Recitals: A Little Something for Everyone

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Recitals: A Little Something for Everyone

When you think “Lesson Centre Recital” what’s the first thing that comes to mind? For many, it’s the image of a fun performance opportunity for really young children. While recitals are a great opportunity for youth to foster confidence in a safe, supportive space, it’s worth considering that there are actually benefits for students of all ages and backgrounds.

What if we dig past the stereotype that once you hit a certain age you’re “too old” or “too cool” to participate in recitals? Here are some of the benefits you may miss by not giving a recital a chance.

Meeting Prospective Bandmates

It can be hard enough convincing a teen to perform in front of family, let alone at a recital.  There seems to be a fear of embarrassment and concern over “too many little kids.” However, get a bunch of teens of similar skill level all playing at the same recital and something pretty amazing can start to happen. A guitar duet hears a bass student play shortly after their own performance. They realize their jam sessions would sound pretty cool with the addition of a bassist. The teachers take notice and make the introductions, connections ensue, you can see the gears turning.

Will every student who participates in a recital meet his or her next bandmate or jamming buddy? Not necessarily, but similarly to an open mic, recitals teach students the social tools they need to connect with new people and share their craft.


Accompaniment Skills

In our most recent recital at the Long & McQuade Peterborough Lesson Centre, an adult student used the recital as an opportunity to improve her accompaniment skills. While a young performer took the lead on a tune by playing the melody, the teacher and adult student supported by chording along. For young performers, this offers invaluable support and encourages them to keep a steady tempo. Meanwhile, the adult student learns to follow cues and apply accompaniment techniques and dynamics in a live performance setting.


Audition/Exam Practice  

I’ll never forget playing one of my university music audition pieces at my high school talent show. It was awkward, embarrassing and not all that good, but it was okay because I had the support of my friends and teachers. Finding the confidence to play my audition pieces in front of people I knew helped me realize I could get through the real deal.

One of the greatest things about recitals is they’re one of the most supportive spaces to perform. The venue is full of family members, friends and fellow students who just want to see each performer have a good time. For students working towards a conservatory exam, high school or post-secondary music program or other nerve-wracking audition, a trial run at a recital could make a world of difference towards their confidence.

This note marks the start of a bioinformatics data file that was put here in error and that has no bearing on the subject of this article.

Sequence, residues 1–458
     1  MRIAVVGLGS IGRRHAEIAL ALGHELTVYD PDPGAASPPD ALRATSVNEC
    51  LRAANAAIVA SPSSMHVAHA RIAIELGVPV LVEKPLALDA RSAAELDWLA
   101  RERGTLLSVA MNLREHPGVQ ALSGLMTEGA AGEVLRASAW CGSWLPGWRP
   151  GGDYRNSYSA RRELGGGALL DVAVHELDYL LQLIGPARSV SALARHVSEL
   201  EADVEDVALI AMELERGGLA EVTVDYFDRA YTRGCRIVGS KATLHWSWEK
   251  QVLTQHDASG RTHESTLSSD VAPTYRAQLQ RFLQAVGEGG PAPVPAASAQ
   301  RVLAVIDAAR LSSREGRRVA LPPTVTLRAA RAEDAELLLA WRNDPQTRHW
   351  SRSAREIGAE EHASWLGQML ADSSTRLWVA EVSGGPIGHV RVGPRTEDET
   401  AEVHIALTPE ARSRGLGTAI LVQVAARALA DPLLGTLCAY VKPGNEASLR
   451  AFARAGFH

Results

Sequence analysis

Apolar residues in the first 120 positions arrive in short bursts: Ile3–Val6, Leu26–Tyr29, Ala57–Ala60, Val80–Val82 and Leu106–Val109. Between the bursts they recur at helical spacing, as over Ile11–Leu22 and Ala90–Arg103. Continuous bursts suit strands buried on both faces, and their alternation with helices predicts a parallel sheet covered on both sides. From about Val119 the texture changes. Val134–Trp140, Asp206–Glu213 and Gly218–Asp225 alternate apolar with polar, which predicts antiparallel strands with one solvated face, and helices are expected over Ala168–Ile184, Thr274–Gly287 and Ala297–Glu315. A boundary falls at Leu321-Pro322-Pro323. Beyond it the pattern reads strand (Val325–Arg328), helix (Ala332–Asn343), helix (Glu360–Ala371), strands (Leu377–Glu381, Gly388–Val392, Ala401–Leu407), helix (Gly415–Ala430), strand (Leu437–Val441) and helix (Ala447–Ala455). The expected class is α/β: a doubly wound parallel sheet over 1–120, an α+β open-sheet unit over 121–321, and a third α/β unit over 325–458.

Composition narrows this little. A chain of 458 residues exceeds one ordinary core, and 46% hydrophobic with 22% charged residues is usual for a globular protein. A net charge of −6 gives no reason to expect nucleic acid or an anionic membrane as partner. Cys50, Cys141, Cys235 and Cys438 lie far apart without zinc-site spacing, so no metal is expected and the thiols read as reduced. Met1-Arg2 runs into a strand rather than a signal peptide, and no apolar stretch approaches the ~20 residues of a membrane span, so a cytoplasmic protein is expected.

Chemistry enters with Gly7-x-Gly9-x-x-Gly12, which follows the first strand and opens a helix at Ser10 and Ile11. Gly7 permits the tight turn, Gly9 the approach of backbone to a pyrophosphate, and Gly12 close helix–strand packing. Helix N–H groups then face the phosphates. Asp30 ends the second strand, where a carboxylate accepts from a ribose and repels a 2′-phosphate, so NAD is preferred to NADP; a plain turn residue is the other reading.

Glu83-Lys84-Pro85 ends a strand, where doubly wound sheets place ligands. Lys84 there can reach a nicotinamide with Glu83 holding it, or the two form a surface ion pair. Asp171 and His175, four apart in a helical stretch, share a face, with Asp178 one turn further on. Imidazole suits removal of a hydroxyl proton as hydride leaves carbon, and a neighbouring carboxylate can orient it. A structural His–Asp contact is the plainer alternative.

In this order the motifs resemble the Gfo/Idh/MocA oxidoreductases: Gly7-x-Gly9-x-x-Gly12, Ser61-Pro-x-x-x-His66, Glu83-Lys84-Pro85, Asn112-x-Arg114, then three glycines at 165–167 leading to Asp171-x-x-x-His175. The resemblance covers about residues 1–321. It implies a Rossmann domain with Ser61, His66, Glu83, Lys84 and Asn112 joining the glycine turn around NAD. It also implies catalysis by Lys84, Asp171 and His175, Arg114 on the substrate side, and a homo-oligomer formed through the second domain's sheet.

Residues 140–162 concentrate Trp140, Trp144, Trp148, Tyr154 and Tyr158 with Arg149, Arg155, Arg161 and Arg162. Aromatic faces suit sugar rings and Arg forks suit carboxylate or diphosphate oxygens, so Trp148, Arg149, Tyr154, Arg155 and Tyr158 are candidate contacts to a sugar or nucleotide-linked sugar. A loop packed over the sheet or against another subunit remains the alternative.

A Safe Space for a Dabbler

At the age of 12, I learned to play my first instrument in school band, the saxophone. When I was 16 I started dabbling in piano and at the age of 19 I started singing and learning a few chords on guitar.

It often feels like no matter what age I start a new instrument or how much time I put into it, I will never feel as confident or sound as good on it as I do on saxophone. I’ve met a number of multi-instrumentalists who seem to share similar feelings. When I started playing piano, I put a ton of time into it but I didn’t want to play in front of anyone. I wanted to have fun with it, but I was frustrated that I didn’t sound as good on piano as I did on my primary instrument.

My teacher asked me to play in a Christmas recital at a retirement facility and that really challenged my outlook. Most of the other students were much younger than me, but our skill levels were pretty similar. While I’d had my mother drop me off at the venue, all the other performers had brought multiple family members and friends.

The recital was a blast.

While no one except my teacher knew me, everyone cheered loudly when I played, and likewise I cheered for everyone. It didn’t matter that I had dreams of auditioning for a university music program or that I wasn’t playing the instrument I was best at. For a multi-instrumentalist or hobbyist dabbling in a new instrument, a recital is an encouraging platform to perform stress-free for the love of music.


Every day when I walk through our Lesson Centre, I see an incredibly diverse range of students. Each and every one of them has something unique to bring to the table regardless of how old they are, how long they’ve played or how often they’re able to practice.

While a recital at its foundation is a simple performance opportunity I’d like to challenge students to consider what else it just might have to offer them.

Sign up at your local Long & McQuade Music Lesson Centre today!


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Beth McClelland received Humber College's Certificate in Jazz Performance, and she enjoys playing saxophone, songwriting and meeting other musicians. She is the Lesson Centre Coordinator at the Peterborough Long & McQuade.

Keywords: recitalsperformancesperformingbenefits of performinglessonsstudents

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